If designed well, the value of utilizing the office for those intended activities showcases how a space can help you and your team accomplish different work tasks better than you could anywhere else, including your home workspace, because it was designed with specific intent.

One of those value-driven intents for the office space in many organizations will undoubtedly be social connection (consistently cited as a top reason for why people want to come to the office post-pandemic). We know that the strength of social connections at work has shifted over the past few years, with second and third level connections suffering most. It is time for us to consider how a more intentionally designed office environment can bolster those in-person connections we’ve lost while keeping our newer virtual connections alive and well. 

Up Next

By designing our collective time in accordance with intentionally designed office spaces, we highlight the shortcomings of an oversimplified ratio for programming. There is not some magical ratio of workstations to conference rooms to focus pods that we’re all just oh-so close to nailing down for organizations to be most effective. 

By planning and aligning our time with our intent and our tailored workspaces, we can see that square footage is better considered as a design outcome, and not as a design driver. In this installment, we have shown a case study where overall square footage remained similar. But depending on the available work ecosystem of spaces (both physical and digital) and organizational goals, one organization’s intentionally aligned real estate investment may become much smaller (or even vanish), while another’s may need to grow substantially. 

Now that you’ve seen an example of how we can break the workstation and reinvent the office as an intentional part of the ecosystem of workplaces, next time we’ll show you how we can get to those solutions with you as a client.  

Here’s a hint: It’s not simple, it requires investment in the right people and resources, and it’s all about accountability in relationships. 

Demand for Healthier Spaces Inspires Innovation in the Built Environment

Demand for Healthier Spaces Inspires Innovation in the Built Environment

Well-being certifications have steadily risen in prominence and popularity since they were first introduced to the design and building industries about a decade ago. Spaces using WELL and Fitwel frameworks, for example, skyrocketed from fewer than 20 to more than 700 between 2016 and 2020, according to the Global Wellness Institute.

Setting standards for environmental quality factors such as air, light, water and mobility, these certifications are granted to spaces that incorporate building systems, materials, furnishings and operational methods that measurably support occupant health.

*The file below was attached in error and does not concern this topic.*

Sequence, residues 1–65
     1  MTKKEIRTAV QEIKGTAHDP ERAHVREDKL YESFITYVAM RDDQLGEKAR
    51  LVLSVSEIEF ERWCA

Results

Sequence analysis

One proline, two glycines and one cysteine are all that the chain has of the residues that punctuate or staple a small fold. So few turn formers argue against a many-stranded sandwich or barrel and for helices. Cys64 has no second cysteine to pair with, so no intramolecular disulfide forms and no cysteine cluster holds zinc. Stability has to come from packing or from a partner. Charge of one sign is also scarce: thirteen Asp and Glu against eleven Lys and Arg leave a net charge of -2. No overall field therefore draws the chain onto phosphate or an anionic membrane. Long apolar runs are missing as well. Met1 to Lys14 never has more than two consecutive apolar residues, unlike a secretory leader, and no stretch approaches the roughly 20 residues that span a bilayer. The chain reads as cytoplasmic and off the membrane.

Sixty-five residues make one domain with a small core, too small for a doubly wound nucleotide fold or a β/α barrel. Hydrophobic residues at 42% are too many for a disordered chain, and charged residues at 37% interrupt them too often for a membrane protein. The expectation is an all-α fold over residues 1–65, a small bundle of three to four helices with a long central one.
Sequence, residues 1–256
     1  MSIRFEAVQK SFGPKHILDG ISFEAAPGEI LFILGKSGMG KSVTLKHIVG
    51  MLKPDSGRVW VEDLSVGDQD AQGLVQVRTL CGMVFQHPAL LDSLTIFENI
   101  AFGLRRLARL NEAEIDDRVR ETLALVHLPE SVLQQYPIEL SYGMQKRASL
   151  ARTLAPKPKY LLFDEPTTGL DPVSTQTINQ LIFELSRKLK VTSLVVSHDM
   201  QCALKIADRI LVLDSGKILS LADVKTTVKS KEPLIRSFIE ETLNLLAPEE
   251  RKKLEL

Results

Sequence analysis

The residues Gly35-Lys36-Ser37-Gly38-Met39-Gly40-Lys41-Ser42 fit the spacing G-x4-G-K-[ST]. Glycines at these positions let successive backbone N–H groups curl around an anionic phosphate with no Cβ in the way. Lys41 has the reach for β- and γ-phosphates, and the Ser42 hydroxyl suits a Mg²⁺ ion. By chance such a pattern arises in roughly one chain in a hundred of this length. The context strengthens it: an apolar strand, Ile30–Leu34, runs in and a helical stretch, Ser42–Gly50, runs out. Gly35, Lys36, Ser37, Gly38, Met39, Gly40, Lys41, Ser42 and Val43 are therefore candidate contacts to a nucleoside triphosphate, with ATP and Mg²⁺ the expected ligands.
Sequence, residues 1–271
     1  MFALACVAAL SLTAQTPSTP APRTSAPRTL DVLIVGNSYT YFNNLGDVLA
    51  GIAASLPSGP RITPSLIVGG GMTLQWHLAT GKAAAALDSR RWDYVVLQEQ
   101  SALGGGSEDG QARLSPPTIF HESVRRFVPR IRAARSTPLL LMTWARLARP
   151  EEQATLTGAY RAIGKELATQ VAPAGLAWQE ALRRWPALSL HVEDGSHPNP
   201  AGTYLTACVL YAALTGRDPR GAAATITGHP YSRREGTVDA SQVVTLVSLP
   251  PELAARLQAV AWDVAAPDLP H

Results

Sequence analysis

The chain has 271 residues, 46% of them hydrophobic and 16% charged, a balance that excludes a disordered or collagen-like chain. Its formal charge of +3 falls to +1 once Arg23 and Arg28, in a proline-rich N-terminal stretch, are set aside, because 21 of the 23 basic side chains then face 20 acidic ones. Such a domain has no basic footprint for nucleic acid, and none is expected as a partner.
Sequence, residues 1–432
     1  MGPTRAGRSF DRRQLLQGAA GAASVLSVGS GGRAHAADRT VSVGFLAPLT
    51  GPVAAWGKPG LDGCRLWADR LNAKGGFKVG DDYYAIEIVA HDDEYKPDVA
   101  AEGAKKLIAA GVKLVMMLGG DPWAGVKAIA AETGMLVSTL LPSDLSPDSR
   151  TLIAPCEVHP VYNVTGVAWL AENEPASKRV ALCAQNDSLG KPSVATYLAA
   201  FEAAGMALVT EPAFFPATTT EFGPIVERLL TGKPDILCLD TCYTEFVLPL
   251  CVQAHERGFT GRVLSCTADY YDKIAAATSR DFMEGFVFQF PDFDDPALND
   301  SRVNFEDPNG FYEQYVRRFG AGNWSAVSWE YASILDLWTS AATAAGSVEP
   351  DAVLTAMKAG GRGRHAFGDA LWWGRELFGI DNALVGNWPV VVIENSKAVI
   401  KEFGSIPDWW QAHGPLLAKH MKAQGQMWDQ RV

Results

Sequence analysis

Unsurprisingly, the pandemic accelerated interest in well-being certifications among building owners and operators. In August 2022, the International WELL Building Institute (IWBI) reported that the amount space using WELL increased fourfold in the prior 18 months, contributing to more than four billion total square feet (371,612,160 square meters) globally.

“We are seeing more clients express interest in and proceed with pursuing certification. It’s hard to deny that COVID-19 and some of its results are driving factors. People are much more aware of their health as well as the impact buildings have on their health,” said HKS Sustainable Design Leader Allison Smith, who leads the firm’s efforts on pursuing well-being certifications for design projects.

Another catalyst is that real estate investors, developers, and managers — and their design industry collaborators — are committing to Environmental, Social, Governance (ESG) frameworks, weaving environmental, economic and human sustainability measures into their business practices.

“When we talk about ESG, most people in the architecture, engineering and construction industry think about environmental outcomes and health outcomes related to physical products. The harder pieces to unravel are the social and governance aspects,” said Yiselle Santos Rivera, HKS’ Global Director of Justice, Equity, Diversity, and Inclusion.

Santos Rivera said that to achieve holistic sustainability and meet ESG goals, organizations can make efforts to embed well-being and social equity within their structures and operations in addition to the external work in which they are engaged. When it comes to design outcomes that support social and health equity, she believes sustainability certifications, emerging social justice toolkits, and well-being standards are carving an important path forward.